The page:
Harris County, and the urban United States as a whole, has a shrinking supply of affordable homes. This is amplified in the Houston area — known for its market-driven approach to housing and land-use planning — where a lower share of its housing stock relies on public subsidies compared to metros like New York City, Chicago, or Philadelphia.
This report looks at “Naturally Occurring Affordable Housing” — properties that charge rents considered affordable without public subsidies — as well as two types of publicly assisted affordable housing programs: low-income housing tax credits (LIHTC) and project-based rental assistance (PBRA)/Project-based vouchers (PBV). NOAH properties, most of which are remnants of the construction boom in the second half of the 20th century, house an overwhelming share of the population seeking affordable options. The public and nonprofit sectors often lack a clear picture of these properties’ locations and preservation challenges. For publicly assisted homes, housing advocates are searching for ways to assure that these homes can stay affordable after their subsidies expire.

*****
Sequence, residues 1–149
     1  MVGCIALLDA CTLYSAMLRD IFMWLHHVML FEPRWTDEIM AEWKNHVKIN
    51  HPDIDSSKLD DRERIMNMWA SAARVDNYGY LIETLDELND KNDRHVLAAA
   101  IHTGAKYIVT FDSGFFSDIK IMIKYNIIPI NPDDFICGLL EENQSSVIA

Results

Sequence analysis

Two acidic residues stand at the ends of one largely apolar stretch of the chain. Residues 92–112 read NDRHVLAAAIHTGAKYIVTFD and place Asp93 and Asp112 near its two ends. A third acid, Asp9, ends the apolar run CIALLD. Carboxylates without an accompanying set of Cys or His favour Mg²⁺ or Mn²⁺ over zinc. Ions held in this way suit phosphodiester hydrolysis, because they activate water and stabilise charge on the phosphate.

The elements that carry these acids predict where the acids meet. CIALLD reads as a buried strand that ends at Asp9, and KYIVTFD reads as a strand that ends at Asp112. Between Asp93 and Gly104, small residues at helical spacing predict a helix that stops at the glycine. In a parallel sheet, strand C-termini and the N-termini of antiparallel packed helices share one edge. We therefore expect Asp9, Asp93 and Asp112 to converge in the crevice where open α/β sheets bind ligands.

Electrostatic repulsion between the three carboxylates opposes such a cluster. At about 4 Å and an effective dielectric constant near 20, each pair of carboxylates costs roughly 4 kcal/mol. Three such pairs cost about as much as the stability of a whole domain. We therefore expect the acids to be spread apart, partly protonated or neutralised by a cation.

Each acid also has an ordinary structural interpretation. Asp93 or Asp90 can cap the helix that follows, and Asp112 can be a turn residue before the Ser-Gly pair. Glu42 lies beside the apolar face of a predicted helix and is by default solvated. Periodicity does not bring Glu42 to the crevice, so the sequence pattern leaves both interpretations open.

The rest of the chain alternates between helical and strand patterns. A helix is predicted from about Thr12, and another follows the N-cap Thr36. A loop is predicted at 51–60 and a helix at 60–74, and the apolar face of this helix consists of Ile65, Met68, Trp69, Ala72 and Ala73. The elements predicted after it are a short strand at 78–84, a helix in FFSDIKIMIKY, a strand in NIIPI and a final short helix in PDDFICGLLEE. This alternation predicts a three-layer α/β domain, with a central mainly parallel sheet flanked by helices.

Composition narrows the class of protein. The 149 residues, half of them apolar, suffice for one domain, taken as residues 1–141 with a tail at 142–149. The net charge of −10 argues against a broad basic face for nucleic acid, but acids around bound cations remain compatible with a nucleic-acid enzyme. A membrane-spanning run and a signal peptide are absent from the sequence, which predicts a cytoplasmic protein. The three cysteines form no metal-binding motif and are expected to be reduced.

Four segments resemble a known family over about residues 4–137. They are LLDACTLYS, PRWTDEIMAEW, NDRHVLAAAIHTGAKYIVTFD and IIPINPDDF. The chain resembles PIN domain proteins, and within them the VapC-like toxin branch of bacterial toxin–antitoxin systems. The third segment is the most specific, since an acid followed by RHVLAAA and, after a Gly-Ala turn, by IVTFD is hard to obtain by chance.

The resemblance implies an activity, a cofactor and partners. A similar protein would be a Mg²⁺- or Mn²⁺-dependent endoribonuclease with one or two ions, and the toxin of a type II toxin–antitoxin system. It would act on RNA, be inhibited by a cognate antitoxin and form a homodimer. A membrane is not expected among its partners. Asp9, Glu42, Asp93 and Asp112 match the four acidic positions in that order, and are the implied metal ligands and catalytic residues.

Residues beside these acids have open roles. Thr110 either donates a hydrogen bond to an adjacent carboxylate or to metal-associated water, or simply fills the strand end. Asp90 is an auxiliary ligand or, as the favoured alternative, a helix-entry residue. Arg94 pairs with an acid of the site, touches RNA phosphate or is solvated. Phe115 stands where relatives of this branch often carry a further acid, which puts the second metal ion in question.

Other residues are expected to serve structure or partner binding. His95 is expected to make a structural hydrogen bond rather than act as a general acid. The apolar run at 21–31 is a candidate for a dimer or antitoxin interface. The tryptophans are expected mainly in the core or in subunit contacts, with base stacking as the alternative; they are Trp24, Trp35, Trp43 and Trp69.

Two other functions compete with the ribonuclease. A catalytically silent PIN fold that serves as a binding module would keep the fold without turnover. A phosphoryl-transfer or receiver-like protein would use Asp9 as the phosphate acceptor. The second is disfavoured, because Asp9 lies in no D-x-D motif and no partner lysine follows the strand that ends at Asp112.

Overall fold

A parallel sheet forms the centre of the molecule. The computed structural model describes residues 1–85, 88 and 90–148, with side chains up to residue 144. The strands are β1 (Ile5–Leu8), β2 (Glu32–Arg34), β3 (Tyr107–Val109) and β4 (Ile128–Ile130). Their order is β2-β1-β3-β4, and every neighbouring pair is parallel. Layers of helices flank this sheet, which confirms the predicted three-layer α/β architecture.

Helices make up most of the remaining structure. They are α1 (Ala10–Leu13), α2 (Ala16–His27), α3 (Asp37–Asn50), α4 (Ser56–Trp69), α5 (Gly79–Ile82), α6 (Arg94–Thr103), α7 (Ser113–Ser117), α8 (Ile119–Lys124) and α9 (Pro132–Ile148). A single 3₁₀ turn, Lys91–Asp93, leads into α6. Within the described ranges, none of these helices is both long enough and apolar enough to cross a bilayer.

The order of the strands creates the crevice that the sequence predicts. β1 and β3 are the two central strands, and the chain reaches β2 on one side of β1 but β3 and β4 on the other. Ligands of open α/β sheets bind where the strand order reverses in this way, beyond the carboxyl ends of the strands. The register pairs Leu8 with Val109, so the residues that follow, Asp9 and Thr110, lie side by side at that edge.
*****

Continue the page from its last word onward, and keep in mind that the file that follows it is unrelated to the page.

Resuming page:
The report suggests a number of strategies for protecting the area’s affordable housing stock.
Data collection on the status and condition of existing affordable housing should be improved, the researchers suggest. Strategic policymaking could prioritize housing preservation along key transportation corridors and in rapidly gentrifying areas. “Rent-to-own” models with longer-term affordability could expand to reduce tomorrow’s preservation’s challenges.
The "Preserving Affordable Housing in Harris County" report and webinar are made possible with lead funding from JPMorgan Chase & Co.